Looking forward to enjoying a few hanami picnics during our final spring while stationed in Japan! So excited that my mom will be visiting during this most beautiful season in the land of the rising sun.
Since the seventh grade, it's been a life goal of mine to travel to every country in the world. Slowly but surely, I'm checking countries off the list and the most recent was number thirty-four, Laos. I was lucky enough to have two adventurous friends join me on a hiking, biking, and kayaking tour through the outskirts of World Heritage city Luang Prabang. Because of our somewhat short timeframe we decided to book an organized tour through Tiger Trail Outdoor Adventures, and we were definitely not disappointed. We got to visit temples, ride elephants, hike through the stunningly beautiful mountains, and drink our fill of Beer Lao!
The highlight of the trip was the evening spent in the small village of Fouyfy (spelling varies). As we hiked into the village, we passed through a forest of rubber trees, one of the village's main sources of income. Another major income producer for the town became apparent as we walked through the village gate; we spotted clumps of tiger grass drying on roofs, front stoops, and on the neatly swept dirt ground. The dried tiger grass is used to make brooms that are sold mainly to China. Since 2000, the village has welcomed tourists into their homes as part of a responsible tourism movement in rural places in Laos. Although we couldn't communicate much with any of the locals, we enjoyed waving and saying hello to the little children, and our hosts provided a delicious meal of vegetables, fried noodles, pork, homemade Lao whiskey and a local delicacy - fried buffalo skin.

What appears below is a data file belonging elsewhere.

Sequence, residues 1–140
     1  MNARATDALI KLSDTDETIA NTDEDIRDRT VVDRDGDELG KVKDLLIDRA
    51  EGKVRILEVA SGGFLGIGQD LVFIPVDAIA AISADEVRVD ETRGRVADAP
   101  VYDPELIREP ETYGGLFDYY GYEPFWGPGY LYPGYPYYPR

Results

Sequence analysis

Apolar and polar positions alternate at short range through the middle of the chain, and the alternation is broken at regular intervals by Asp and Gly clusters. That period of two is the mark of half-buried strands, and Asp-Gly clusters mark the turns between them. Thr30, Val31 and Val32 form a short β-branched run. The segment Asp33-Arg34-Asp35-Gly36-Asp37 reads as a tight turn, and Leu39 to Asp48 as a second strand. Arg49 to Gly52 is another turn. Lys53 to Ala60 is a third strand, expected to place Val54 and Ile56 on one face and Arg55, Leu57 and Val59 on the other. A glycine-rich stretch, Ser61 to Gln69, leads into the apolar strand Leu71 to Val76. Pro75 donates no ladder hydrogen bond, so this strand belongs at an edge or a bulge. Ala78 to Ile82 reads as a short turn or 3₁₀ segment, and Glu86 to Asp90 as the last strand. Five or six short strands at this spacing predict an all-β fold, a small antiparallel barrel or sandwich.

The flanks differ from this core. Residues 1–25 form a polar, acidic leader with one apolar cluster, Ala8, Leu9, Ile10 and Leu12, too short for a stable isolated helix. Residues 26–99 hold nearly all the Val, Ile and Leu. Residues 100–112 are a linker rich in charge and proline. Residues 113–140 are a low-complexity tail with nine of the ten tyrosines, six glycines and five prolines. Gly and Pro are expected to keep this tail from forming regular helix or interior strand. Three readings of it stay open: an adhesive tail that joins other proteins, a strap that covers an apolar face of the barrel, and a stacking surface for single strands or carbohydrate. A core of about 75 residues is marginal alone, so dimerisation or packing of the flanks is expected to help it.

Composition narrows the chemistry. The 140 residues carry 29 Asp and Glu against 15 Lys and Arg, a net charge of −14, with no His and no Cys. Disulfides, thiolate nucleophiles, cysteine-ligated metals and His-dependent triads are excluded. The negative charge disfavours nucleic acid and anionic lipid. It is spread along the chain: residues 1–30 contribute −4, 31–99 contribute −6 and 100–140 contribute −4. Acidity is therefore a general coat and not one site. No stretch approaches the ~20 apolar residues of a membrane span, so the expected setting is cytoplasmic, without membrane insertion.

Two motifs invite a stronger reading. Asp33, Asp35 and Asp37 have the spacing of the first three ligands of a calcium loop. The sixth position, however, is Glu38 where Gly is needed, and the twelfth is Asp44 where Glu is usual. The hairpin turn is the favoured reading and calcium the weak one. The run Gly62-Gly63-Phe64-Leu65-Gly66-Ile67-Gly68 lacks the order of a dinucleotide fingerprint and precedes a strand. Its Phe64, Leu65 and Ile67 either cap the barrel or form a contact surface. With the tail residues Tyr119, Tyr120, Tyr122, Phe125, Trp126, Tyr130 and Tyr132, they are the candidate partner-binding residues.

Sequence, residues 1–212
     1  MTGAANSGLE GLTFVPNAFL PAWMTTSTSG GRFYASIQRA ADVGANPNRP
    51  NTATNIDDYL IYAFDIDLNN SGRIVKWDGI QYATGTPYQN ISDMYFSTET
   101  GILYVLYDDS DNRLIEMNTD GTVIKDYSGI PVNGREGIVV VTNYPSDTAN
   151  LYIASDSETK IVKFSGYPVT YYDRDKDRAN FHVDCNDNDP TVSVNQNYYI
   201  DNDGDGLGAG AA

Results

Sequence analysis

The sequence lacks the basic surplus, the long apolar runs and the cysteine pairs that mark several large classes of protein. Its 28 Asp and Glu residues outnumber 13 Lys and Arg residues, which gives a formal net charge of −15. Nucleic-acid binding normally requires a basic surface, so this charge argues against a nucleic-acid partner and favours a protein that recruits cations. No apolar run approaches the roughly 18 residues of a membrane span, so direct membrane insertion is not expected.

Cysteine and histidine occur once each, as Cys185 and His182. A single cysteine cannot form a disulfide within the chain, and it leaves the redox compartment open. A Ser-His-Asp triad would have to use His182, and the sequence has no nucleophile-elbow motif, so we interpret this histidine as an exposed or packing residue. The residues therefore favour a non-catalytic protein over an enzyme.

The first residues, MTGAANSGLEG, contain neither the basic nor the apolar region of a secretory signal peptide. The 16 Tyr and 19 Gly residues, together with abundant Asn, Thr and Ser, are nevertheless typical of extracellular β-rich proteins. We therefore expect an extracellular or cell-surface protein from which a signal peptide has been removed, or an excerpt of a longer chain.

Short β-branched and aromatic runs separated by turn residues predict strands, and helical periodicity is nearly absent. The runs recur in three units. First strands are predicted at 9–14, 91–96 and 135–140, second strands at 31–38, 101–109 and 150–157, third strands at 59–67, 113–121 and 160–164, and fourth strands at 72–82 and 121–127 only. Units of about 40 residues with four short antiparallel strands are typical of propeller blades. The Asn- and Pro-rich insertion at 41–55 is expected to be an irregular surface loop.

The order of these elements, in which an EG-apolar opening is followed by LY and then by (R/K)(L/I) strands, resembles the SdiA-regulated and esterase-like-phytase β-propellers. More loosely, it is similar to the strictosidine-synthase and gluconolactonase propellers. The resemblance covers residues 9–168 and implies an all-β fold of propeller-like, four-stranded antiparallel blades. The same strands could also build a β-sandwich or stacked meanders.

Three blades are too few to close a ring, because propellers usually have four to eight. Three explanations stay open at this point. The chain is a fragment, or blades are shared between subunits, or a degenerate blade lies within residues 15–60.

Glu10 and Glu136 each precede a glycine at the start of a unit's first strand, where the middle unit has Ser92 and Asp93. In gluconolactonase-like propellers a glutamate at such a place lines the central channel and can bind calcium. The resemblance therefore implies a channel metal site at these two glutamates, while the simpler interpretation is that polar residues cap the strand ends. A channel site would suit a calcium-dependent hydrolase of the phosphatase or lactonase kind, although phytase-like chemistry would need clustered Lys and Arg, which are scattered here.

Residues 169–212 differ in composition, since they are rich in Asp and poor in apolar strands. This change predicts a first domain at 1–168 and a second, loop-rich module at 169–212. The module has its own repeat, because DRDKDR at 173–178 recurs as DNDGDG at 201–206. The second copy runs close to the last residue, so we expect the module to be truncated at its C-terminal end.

With no electricity or running water, there wasn't much to do after dark except drink Beer Lao, so we turned in early in preparation for the next day's 20 kilometer hike through the mountains. We slept in a small bamboo hut with mats on the floor and surrounded by mosquito netting. The walls were constructed on woven bamboo, so you could hear every baby's cry, every rooster's crow (every hour on the hour it seemed), and every footstep. After a somewhat restless night, we enjoyed our breakfast of eggs, French bread, and Lao coffee (yumm!) and headed out for a day of hiking in the mountains.